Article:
Catalan cuisine has enjoyed a new golden age coinciding with the turn of the century and with prominent chefs in the country receiving global recognition for their work. The new Catalan cuisine involves a new way of understanding the restaurant trade: it must satisfy both the intellect and the emotions.
One of the highlights of this period occurred in 1999, when the French chef Joël Robuchon claimed that Ferran Adrià was the best chef in the world. His innovations, which ended up on the cover of The New York Times supplement, were based on new products and techniques, unprecedented presentation and surprising experiences.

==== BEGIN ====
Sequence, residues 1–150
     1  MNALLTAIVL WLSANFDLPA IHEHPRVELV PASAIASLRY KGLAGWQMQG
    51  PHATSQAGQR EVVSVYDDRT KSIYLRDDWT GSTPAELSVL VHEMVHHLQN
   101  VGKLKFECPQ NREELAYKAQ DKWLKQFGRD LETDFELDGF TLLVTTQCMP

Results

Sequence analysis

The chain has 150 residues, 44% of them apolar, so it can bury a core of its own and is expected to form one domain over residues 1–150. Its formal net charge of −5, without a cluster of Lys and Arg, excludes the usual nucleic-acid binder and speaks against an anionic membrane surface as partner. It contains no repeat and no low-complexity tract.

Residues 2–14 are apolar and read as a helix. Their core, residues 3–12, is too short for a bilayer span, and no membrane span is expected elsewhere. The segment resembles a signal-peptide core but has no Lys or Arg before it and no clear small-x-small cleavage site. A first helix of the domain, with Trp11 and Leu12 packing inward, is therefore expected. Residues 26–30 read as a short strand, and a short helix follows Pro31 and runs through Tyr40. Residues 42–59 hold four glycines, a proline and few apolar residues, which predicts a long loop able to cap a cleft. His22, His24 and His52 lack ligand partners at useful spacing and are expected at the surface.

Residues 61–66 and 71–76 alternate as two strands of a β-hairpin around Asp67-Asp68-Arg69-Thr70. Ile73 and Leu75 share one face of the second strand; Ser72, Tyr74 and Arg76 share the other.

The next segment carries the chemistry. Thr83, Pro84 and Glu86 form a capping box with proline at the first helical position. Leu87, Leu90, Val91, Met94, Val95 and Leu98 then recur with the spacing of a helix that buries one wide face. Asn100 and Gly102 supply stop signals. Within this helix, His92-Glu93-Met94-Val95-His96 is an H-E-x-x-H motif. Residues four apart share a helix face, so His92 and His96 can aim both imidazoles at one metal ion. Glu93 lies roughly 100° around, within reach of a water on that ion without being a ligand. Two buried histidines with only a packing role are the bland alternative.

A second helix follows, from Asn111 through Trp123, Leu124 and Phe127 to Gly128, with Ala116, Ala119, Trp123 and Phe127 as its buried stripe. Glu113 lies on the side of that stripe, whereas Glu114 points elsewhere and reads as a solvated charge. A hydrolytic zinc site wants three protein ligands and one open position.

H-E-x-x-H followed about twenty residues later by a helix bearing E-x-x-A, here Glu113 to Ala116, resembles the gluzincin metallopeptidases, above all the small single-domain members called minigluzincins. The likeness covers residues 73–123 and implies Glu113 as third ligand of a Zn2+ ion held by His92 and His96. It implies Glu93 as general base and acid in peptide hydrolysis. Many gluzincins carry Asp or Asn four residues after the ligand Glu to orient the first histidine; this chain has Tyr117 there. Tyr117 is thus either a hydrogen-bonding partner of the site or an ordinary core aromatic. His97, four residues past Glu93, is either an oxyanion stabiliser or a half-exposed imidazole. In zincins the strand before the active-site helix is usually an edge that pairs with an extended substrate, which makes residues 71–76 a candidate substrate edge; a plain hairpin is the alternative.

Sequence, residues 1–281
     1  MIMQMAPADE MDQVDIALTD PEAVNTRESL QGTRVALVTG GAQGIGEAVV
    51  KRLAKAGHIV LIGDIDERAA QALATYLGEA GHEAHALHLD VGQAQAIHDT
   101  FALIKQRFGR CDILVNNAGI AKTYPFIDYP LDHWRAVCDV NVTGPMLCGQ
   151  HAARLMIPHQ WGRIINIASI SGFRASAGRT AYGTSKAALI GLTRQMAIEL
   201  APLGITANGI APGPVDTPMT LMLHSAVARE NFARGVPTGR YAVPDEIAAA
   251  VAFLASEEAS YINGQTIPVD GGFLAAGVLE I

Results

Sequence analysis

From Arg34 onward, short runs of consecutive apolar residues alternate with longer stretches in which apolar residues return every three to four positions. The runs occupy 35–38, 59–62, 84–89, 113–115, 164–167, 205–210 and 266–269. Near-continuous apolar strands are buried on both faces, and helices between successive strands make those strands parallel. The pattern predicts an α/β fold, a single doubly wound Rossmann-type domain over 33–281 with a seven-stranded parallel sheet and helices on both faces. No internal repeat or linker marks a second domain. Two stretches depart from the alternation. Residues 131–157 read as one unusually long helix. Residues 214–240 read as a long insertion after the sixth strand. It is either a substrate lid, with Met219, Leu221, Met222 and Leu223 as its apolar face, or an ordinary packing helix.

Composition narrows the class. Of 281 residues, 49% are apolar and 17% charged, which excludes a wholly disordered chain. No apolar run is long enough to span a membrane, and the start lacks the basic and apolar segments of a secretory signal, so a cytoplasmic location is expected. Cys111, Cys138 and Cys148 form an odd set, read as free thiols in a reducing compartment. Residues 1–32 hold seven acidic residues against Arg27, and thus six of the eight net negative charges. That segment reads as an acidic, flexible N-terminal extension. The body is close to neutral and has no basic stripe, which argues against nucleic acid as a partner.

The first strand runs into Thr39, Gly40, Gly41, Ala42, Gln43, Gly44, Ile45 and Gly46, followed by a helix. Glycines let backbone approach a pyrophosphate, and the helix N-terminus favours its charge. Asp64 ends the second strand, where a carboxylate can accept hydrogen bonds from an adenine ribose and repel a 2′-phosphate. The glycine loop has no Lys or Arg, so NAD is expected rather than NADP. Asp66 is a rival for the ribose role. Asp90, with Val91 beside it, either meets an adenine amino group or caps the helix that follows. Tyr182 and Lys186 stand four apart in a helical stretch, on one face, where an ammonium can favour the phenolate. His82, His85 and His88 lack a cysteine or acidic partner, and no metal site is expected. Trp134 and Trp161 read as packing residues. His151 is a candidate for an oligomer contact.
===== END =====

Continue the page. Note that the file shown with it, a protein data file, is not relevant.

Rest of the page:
Even though the media coverage of the most avant-garde cuisine was widespread, its gastronomic repercussions were wider. Thus, the traditional Catalan cuisine also saw a reinterpretation by great chefs with new techniques and more modern presentation. In addition, the concern for what we eat caused the emergence of concepts such as organic cuisine and zero kilometre cooking.
Also noteworthy is the effect of phenomena such as globalisation on the Catalan cuisine. The arrival of cuisines from other parts of the world ends up, inevitably, permeating our recipes and gives rise to concepts such as fusion cooking.